CVI panel to HTML form / cgi converter

Freeware for adapting a LabWindows application to the Web

"First we thought the PC was a calculator. Then we found out how to turn numbers into letters with ASCII — and we thought it was a typewriter. Then we discovered graphics, and we thought it was a television. With the World Wide Web, we've realized it's a brochure."    — Douglas Adams (1952—2001)
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UIR file as seen in the UIR editor

Auto webamatization

PanelToForm.exe is a very specialized tool: it takes a LabWindows/CVI 5.5 User Interface, generates an HTML page containing a <FORM> similar to it and at the same time it generates a C source file meant to interpret this form when submitted to a server. If you link this C source file to the application the UIR file is coming from, bang! you've got a LabWindows application that can respond directly to cgi-script requests. In other words, if you are not an experienced C programmer and website writer, you won't be interested in this tool.

v1.0 — 2000/01/17 — Original release
2019/06/11, Published the source code on gitlab (find the PanelToForm source code there).

OK, let's say we have a complete LabWindows/CVI application, Demo.exe, as defined in Demo.prj. It typically contains the user interface, Demo.uir, its declaration file, Demo.h, and the source code, Demo.c which contains the callback functions of the UIR and its own code.

Default Form as generated by PanelToForm.exe, as viewed by the client browser.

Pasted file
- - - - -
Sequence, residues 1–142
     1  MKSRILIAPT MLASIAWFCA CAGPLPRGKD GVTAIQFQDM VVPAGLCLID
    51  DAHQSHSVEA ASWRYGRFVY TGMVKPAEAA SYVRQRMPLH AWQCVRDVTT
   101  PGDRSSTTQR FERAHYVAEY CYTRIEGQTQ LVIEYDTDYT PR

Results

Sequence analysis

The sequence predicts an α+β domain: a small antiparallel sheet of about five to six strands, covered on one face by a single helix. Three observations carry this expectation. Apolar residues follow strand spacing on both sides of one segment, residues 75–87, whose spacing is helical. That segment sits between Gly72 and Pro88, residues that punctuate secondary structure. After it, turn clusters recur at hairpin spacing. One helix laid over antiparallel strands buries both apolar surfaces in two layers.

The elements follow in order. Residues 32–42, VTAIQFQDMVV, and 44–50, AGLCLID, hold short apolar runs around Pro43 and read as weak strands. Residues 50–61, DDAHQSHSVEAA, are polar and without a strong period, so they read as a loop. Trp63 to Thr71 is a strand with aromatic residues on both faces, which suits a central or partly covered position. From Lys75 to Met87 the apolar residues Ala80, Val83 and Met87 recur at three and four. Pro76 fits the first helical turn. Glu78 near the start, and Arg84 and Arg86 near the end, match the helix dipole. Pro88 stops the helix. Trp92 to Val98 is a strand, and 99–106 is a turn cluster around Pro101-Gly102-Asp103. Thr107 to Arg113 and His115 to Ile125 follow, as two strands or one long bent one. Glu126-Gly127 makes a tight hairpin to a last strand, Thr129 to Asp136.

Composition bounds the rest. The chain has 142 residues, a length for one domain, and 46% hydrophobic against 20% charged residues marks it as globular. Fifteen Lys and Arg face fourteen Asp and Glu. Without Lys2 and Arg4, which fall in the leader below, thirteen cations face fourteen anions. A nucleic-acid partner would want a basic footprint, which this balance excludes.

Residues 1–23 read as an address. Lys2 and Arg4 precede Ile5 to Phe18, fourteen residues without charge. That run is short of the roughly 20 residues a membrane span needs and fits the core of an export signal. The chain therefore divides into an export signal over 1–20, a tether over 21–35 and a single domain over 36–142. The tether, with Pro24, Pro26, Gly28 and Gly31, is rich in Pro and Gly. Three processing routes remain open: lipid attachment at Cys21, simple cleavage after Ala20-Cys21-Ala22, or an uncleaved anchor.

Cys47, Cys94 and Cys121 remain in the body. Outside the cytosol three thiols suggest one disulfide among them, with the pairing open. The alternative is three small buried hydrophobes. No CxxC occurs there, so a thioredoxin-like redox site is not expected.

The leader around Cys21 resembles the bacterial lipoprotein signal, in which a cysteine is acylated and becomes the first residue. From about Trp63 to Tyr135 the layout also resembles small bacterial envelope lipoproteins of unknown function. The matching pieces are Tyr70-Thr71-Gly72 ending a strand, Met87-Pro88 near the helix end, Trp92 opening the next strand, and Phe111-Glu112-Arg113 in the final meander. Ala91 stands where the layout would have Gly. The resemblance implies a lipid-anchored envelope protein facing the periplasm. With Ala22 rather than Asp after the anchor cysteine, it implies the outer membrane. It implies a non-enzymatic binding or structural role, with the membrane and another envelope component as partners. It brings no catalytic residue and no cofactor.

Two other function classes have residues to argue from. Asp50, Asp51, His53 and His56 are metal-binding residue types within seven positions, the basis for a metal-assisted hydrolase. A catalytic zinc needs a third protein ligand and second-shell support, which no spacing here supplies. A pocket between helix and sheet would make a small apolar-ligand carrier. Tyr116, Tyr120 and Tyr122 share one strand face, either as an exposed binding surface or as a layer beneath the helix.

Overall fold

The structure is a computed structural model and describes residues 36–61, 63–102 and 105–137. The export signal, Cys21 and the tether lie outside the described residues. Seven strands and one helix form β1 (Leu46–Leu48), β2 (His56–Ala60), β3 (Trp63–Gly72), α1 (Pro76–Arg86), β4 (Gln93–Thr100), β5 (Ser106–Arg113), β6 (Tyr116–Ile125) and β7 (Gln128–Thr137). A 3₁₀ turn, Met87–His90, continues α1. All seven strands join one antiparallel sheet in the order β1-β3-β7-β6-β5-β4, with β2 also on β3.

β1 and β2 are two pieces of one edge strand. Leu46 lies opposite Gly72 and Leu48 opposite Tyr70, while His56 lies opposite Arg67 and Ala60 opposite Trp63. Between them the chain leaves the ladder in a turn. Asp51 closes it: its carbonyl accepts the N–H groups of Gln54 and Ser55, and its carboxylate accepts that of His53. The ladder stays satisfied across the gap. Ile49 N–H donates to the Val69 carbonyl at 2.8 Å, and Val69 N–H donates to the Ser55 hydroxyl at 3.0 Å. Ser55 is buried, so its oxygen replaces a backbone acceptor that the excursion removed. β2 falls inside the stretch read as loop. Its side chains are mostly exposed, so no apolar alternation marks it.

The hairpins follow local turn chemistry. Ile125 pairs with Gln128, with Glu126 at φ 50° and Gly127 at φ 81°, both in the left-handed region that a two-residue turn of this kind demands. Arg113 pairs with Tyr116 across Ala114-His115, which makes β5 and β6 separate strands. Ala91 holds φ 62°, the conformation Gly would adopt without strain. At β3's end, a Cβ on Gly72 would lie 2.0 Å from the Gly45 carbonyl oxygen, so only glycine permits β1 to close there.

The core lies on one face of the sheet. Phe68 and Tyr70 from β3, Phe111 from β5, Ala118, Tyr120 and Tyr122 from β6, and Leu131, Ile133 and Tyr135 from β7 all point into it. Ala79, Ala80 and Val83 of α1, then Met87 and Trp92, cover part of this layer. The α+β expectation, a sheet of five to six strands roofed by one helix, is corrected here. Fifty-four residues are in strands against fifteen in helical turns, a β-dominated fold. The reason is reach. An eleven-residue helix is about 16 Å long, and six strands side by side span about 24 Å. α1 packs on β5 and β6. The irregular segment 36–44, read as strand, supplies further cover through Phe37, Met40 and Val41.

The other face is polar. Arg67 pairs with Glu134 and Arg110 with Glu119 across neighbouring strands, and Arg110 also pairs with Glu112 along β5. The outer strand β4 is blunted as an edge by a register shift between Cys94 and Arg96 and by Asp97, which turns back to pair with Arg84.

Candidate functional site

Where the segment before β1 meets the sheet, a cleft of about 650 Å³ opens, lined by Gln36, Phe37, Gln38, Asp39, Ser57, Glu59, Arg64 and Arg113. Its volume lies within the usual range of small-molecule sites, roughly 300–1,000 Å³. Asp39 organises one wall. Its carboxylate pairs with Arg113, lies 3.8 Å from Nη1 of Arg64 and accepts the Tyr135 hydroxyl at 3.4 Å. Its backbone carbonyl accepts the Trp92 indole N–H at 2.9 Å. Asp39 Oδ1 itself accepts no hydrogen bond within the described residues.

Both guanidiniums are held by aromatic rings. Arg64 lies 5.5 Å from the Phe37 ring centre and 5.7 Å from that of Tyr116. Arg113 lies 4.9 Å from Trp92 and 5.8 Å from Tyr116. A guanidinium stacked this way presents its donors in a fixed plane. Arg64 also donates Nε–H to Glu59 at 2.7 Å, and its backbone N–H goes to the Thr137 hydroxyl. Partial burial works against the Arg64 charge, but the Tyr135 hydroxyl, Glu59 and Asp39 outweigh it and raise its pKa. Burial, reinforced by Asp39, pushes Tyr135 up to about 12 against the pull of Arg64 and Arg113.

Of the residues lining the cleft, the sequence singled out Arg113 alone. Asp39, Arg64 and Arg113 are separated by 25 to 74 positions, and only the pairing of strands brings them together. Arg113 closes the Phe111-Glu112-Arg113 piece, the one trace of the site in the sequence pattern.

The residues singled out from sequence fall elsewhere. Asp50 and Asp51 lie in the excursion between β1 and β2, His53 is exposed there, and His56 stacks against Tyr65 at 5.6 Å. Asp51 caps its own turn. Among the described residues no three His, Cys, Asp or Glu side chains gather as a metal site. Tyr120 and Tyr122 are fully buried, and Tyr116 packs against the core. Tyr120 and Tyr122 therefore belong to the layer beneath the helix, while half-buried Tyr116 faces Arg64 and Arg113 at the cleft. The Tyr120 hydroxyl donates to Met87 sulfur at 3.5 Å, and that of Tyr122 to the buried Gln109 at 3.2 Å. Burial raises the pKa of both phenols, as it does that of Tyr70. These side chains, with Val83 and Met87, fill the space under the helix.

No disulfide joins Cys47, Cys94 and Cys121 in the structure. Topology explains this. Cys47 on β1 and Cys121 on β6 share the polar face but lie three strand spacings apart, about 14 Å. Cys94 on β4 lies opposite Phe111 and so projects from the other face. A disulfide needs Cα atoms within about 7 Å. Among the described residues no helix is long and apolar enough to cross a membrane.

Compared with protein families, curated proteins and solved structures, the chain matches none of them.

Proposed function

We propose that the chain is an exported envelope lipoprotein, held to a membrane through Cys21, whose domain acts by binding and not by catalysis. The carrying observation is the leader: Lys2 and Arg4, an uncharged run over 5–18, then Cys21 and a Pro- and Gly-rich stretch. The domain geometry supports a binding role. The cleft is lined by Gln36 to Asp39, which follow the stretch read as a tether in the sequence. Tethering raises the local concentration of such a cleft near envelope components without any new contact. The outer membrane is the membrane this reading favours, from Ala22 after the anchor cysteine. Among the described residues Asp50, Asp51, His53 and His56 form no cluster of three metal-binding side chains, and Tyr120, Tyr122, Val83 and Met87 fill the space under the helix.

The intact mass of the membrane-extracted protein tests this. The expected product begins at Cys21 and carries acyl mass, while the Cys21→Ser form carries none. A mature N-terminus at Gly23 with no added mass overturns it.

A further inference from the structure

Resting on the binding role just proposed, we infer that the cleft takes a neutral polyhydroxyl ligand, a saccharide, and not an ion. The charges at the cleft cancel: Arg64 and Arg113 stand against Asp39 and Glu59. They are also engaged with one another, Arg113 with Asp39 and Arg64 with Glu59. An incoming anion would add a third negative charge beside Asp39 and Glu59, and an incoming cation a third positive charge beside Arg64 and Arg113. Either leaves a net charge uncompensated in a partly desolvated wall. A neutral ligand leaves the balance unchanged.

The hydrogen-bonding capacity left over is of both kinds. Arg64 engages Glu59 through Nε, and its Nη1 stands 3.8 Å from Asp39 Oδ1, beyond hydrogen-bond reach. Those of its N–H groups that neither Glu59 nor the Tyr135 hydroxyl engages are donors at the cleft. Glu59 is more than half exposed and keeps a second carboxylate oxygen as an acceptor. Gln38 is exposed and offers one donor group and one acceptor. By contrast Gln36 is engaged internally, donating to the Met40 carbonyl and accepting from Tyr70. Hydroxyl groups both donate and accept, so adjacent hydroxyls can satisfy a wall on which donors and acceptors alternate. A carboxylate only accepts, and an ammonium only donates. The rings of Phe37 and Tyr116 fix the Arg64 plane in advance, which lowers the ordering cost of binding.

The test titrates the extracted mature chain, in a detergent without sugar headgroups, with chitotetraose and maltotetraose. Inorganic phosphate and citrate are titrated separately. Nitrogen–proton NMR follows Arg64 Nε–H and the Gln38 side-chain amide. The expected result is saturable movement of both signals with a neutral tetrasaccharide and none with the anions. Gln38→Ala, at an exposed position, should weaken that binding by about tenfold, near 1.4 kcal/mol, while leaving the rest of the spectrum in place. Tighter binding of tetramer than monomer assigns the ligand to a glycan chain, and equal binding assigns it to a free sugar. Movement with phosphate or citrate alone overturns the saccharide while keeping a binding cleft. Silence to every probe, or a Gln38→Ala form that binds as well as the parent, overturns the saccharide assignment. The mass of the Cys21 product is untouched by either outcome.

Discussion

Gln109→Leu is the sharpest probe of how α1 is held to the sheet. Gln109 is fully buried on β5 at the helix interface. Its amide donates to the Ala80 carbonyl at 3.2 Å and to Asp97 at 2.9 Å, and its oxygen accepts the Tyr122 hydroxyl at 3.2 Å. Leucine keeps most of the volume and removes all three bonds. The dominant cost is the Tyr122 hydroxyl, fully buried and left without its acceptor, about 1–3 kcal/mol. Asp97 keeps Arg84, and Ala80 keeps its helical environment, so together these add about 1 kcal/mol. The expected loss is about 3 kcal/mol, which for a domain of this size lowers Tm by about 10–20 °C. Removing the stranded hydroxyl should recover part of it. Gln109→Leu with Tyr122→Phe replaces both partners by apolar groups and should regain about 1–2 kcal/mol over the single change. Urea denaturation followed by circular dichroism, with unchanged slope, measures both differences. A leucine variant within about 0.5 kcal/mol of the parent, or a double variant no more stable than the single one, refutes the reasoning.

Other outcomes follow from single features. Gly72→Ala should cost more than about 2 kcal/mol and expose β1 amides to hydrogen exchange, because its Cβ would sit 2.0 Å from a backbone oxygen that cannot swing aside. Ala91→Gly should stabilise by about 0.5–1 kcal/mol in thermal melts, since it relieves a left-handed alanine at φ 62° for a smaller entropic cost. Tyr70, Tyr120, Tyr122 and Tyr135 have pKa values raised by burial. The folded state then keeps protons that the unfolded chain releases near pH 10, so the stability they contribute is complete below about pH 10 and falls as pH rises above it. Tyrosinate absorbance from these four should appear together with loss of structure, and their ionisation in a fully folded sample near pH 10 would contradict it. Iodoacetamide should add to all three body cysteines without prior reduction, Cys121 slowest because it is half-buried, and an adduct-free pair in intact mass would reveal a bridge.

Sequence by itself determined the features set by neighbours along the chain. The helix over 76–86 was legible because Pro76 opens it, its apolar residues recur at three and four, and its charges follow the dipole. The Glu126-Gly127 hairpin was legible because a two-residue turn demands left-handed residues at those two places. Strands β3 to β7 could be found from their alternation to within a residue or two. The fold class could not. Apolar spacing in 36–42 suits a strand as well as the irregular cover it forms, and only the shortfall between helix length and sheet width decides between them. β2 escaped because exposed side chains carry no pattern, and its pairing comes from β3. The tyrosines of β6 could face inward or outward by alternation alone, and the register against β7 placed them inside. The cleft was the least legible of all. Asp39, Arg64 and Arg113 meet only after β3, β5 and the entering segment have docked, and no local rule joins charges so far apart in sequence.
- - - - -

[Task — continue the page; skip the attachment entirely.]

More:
Let's run this PanelToForm.exe on Demo.uir. It creates 2 files: Demo2html.html and Demo2c.c. The first is the HTML page containing the forms necessary for the cgi request, the second is a C source file to add to the Demo.prj project.

Let's take a look at the HTML file first. Each panel of the UIR is contained in a <FIELDSET>, all the panels being in the same <FORM>. When submitted, the form will call Demo.exe. Note: you need to set your server so that the directory containing Demo.exe and Demo2html.html has read and exe access so it can run scripts.

The PanelToForm program.

All the numeric controls have been transformed in <INPUT TYPE=text> boxes with the default value taken from the UIR file, the NAME of the control and the LABEL of the control (at this level, there is no distinction between int, double...). In a similar fashion:

Default values and maximum string lengths are set when known from the UIR. Complete reference on forms can be found at the W3C.

Controls that are either dimmed or invisible or indicators are commented out (this is because they may get activated by software). I could have used DISABLED or READONLY too. You can modify the html and c file if you wish.

Source code examples

Form filled by the client, as viewed by the client browser.

Now let's look at the other file generated by PanelToForm.exe: Demo2c.c. It is meant to be used with another C file: CGIC.C v1.06. You can find this small library at CGIC is a C library designed to interpret cgi-scripts in a secure way. It provides a simple interface to the server and a set of functions to recover the values submitted by the form. It compiles easily in LabWindows/CVI, you just need to fill some declarations with (void), change DEBUG with _CVI_DEBUG_ and add the following code: